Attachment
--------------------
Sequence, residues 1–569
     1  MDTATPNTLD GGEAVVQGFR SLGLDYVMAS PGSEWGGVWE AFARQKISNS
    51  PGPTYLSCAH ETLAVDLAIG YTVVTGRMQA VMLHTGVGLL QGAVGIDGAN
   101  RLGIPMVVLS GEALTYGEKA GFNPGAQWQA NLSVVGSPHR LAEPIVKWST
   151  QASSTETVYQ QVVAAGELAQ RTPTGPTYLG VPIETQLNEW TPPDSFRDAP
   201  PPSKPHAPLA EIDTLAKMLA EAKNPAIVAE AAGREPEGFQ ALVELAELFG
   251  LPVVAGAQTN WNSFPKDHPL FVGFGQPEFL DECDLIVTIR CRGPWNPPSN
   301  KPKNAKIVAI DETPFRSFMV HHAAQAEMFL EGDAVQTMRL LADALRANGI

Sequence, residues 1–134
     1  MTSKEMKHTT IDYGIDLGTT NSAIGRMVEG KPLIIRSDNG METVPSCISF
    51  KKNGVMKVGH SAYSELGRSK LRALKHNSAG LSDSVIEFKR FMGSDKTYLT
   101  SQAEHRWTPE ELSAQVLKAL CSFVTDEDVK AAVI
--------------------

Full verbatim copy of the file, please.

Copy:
Sequence, residues 1–569
     1  MDTATPNTLD GGEAVVQGFR SLGLDYVMAS PGSEWGGVWE AFARQKISNS
    51  PGPTYLSCAH ETLAVDLAIG YTVVTGRMQA VMLHTGVGLL QGAVGIDGAN
   101  RLGIPMVVLS GEALTYGEKA GFNPGAQWQA NLSVVGSPHR LAEPIVKWST
   151  QASSTETVYQ QVVAAGELAQ RTPTGPTYLG VPIETQLNEW TPPDSFRDAP
   201  PPSKPHAPLA EIDTLAKMLA EAKNPAIVAE AAGREPEGFQ ALVELAELFG
   251  LPVVAGAQTN WNSFPKDHPL FVGFGQPEFL DECDLIVTIR CRGPWNPPSN
   301  KPKNAKIVAI DETPFRSFMV HHAAQAEMFL EGDAVQTMRL LADALRANGI

Sequence, residues 1–134
     1  MTSKEMKHTT IDYGIDLGTT NSAIGRMVEG KPLIIRSDNG METVPSCISF
    51  KKNGVMKVGH SAYSELGRSK LRALKHNSAG LSDSVIEFKR FMGSDKTYLT
   101  SQAEHRWTPE ELSAQVLKAL CSFVTDEDVK AAVI